`Unique experiences' motivate CAP cadets


October 04, 2002|By Susan Harpster | Susan Harpster,SPECIAL TO THE SUN

DAVID WAINLAND knew he wanted to be an airplane pilot when he was only 8 years old.

When Daniel Steciak was 11, he read a magazine article about military careers that captured his imagination.

Both young men joined the Howard County Squadron of the Civil Air Patrol (CAP).

A civilian auxiliary of the U.S. Air Force, CAP offers training programs for "cadets," ages 12 to 21, and "senior members," 21 and older. Leadership skills, search-and-rescue exercises, physical fitness and flying airplanes are all part of the program's allure.

"It's hard to narrow it down to one thing," said Wainland, 17. "There are so many unique experiences."

Cadets attend weekly meetings at the Johns Hopkins Applied Physics Laboratory in North Laurel. Squadron Commander Ron Whitehead oversees the cadet program.

"Cadets come with different desires," Whitehead said. "Some cadets come to fly, because of our aviation program, and some come because of our ground team - our search-and-rescue program. And some cadets realize it gives them some benefit on applications to military academies and ROTC programs."

Nationally, more than one-third of CAP's 60,000 members are cadets.

"Recruits" must attend three meetings before they can join the cadet program. "This gives them an opportunity to get exposure and a good idea about Civil Air Patrol and what we do at our meetings," Whitehead said.

Cadets who pass monthly exams are promoted through the ranks from 2nd lieutenant to cadet colonel.

Whitehead, a geographer with the U.S. Census Bureau, joined CAP in 1996 after 25 years of military service.

"I wanted to stay around airplanes and flying, and that's what got me interested in Civil Air Patrol," Whitehead said. "It's a volunteer organization, so you can get as involved as you want to."

Steciak, 16, has been a CAP cadet for almost five years. "CAP has really changed my life," he said. "It let me learn about aviation, leadership and people, and those are skills that are going to stay with me for the rest of my life."

During the summer, Wainland, Steciak and cadets Avi Chandra, 18, and Emily Hudson, 16, "did something exceptional," Whitehead said. They each received their "solo wings" - a student pilot's license - after 14 hours of flight instruction, a written exam and a one-hour solo flight in a single-engine Cessna airplane.

"It's incredible to know that people actually trust you to fly in an airplane all by yourself, before I can drive," Steciak said. "It's a mix of feelings. You're scared and intimidated and really excited."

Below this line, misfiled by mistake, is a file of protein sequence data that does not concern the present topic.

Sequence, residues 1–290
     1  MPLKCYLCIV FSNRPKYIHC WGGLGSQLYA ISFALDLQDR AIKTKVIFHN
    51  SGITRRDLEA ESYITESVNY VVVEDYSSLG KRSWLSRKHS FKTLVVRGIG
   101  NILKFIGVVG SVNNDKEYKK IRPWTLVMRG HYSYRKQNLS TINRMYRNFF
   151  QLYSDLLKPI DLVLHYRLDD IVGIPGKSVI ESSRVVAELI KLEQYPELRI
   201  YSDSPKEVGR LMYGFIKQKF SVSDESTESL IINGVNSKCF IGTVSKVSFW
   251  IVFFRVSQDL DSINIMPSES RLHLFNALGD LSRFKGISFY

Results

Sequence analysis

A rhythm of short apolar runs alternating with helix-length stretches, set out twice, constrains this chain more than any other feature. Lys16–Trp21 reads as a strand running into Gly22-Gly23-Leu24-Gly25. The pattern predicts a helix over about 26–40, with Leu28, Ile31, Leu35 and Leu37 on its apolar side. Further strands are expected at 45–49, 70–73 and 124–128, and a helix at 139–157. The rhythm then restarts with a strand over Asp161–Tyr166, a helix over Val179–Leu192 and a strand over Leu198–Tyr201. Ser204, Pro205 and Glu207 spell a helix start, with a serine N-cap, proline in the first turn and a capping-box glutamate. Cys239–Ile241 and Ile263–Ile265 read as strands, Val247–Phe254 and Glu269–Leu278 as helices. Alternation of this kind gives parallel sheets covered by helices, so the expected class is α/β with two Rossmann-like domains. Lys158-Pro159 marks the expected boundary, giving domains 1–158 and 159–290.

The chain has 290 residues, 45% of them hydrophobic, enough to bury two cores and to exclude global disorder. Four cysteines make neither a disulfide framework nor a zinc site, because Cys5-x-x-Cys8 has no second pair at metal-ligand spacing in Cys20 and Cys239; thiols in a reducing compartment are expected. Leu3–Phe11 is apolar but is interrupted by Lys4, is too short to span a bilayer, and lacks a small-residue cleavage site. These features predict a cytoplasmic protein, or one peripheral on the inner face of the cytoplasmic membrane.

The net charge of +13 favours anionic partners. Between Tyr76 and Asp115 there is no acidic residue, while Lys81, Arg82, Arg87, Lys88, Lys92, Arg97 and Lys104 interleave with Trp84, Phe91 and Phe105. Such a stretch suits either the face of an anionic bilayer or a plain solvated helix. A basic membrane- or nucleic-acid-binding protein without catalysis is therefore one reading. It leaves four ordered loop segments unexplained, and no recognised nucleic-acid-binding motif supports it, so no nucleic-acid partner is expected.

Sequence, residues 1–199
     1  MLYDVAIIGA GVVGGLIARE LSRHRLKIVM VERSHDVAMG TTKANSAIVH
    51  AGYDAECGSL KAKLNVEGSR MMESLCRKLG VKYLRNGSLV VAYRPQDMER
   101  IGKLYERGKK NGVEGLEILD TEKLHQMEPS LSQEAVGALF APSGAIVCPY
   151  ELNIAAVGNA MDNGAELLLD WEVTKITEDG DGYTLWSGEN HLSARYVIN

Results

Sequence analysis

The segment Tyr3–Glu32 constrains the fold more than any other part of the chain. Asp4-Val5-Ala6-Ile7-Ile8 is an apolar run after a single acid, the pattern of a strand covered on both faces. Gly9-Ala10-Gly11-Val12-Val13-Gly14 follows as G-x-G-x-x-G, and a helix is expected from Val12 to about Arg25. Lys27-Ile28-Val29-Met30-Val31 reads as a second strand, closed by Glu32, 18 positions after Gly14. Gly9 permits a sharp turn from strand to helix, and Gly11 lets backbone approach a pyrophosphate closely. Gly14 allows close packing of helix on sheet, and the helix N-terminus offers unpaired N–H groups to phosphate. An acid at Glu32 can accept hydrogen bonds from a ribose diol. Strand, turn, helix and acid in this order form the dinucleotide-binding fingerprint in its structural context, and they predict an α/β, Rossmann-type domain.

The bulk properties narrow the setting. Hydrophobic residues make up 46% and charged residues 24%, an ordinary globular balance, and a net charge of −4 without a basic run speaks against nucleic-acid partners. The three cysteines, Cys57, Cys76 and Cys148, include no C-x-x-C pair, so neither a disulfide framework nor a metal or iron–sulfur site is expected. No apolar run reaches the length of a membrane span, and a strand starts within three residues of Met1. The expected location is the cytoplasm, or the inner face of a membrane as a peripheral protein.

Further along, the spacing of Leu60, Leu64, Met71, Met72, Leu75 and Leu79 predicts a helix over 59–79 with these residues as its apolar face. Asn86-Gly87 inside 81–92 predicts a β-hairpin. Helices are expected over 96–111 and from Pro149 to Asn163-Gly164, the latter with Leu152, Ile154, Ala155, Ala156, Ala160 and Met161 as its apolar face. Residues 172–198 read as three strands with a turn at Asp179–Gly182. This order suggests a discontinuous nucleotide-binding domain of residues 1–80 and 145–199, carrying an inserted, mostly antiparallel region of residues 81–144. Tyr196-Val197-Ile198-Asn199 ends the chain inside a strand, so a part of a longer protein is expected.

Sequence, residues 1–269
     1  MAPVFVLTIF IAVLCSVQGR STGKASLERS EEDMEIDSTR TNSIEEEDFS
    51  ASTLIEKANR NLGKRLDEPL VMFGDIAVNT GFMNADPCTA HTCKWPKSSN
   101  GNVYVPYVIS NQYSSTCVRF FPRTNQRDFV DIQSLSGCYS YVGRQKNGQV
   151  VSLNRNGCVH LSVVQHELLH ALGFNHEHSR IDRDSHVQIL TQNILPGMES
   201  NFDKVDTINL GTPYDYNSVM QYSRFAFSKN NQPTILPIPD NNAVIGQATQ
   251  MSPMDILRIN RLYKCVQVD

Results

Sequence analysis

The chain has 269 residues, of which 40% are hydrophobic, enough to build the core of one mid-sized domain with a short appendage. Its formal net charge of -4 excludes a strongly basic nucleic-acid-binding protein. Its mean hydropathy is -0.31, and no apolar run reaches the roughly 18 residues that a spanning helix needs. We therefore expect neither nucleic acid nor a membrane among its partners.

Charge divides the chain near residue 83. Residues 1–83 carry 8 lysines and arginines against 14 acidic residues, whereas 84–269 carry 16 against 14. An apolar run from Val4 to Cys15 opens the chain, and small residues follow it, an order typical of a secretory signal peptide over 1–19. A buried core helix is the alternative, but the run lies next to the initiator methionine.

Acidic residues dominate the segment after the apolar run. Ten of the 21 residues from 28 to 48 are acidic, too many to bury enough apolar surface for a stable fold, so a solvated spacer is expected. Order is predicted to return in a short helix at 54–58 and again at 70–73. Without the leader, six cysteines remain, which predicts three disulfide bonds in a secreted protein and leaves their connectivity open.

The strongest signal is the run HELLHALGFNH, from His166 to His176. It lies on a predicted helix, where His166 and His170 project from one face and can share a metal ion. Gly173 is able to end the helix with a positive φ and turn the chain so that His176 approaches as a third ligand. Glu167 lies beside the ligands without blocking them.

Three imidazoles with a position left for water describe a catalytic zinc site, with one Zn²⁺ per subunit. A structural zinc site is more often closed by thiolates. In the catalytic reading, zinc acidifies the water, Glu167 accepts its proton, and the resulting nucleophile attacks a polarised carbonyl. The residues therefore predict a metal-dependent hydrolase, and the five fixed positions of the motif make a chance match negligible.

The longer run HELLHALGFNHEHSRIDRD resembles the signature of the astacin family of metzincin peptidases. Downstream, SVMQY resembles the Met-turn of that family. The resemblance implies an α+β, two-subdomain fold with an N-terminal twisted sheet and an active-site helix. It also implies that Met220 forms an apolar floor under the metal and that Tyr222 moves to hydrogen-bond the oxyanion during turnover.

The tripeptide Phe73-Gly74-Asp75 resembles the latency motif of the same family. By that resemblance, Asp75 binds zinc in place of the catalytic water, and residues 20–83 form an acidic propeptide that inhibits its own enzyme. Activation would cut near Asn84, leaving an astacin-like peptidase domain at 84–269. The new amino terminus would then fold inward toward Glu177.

Wainland is "not 100 percent sure" what he will do when he graduates from Mount Hebron High School in the spring. "I'd like to do something in aerospace, ultimately become a pilot or an aerospace engineer," he said.

Steciak, a home-schooler from Columbia, wants to study aviation at the University of Maryland's College Park campus. "I'm planning to go career Air Force," he said. "I'm hoping that they'll let me fly."

Information on the Civil Air Patrol: 410-461-6165.

Happy birthday

Second-graders at Bollman Bridge Elementary School in Jessup paid tribute to national folk hero John "Johnny Appleseed" Chapman on his birthday Sept. 26.

Born in 1774, Chapman earned his nickname roaming barefoot through the American wilderness, planting apple seeds along the way.

Johnny Appleseed Day is "a celebration of his life and what he did for America," said second-grade team leader Beverly Brooks.

Through stories and poems, the children learned about Chapman's life and pioneering spirit, and how apples grow. "We do apple-related activities all day; even for math, where we graphed their favorite apple colors," said teacher Tara Matlak. "Red and green tied; they thought that was the coolest thing."

The children were eager to share what they learned about apples.

"First, they're flowers, and then they grow into an apple," said pupil Nicole Talbott. "The bees help."

"The bees help by spreading the pollen all over the flowers," added classmate Raven Coleman-Brooks.

The children made and ate applesauce, which was cooked in pots tended by parents.

"Applesauce doesn't come in jars. Applesauce is made," said parent volunteer Ann Ginty. "A hundred years ago, kids were cutting up those apples. I think these kids understood that. You've got to teach them the basics."

Vroom, vroom

The 11th Columbia Ride for Kids, held Sept. 15, raised more than $200,000 for the Pediatric Brain Tumor Foundation of the United States. The money will be used for medical research and family-support programs.

Eight-hundred-fifty motorcyclists went on a 40-mile fund-raiser, which began at The Mall in Columbia and ended with a "Celebration of Life" on the grounds of Lincoln Technical Institute.

Ride for Kids task force leader Bob Henig raised more than $72,000 at this year's event. A Columbia resident and owner of Bob's BMW motorcycle dealership in Jessup, Henig has been a Ride for Kids task-force member for the past six years.

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